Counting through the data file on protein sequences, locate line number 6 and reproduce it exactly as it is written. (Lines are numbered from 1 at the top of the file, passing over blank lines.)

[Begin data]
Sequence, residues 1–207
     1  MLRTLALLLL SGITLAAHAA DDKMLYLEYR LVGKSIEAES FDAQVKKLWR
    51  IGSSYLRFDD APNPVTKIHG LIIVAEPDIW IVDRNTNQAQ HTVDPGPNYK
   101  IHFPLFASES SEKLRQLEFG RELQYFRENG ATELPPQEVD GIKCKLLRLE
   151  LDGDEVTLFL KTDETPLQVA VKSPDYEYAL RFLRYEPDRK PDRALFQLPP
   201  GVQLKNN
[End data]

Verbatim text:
   201  GVQLKNN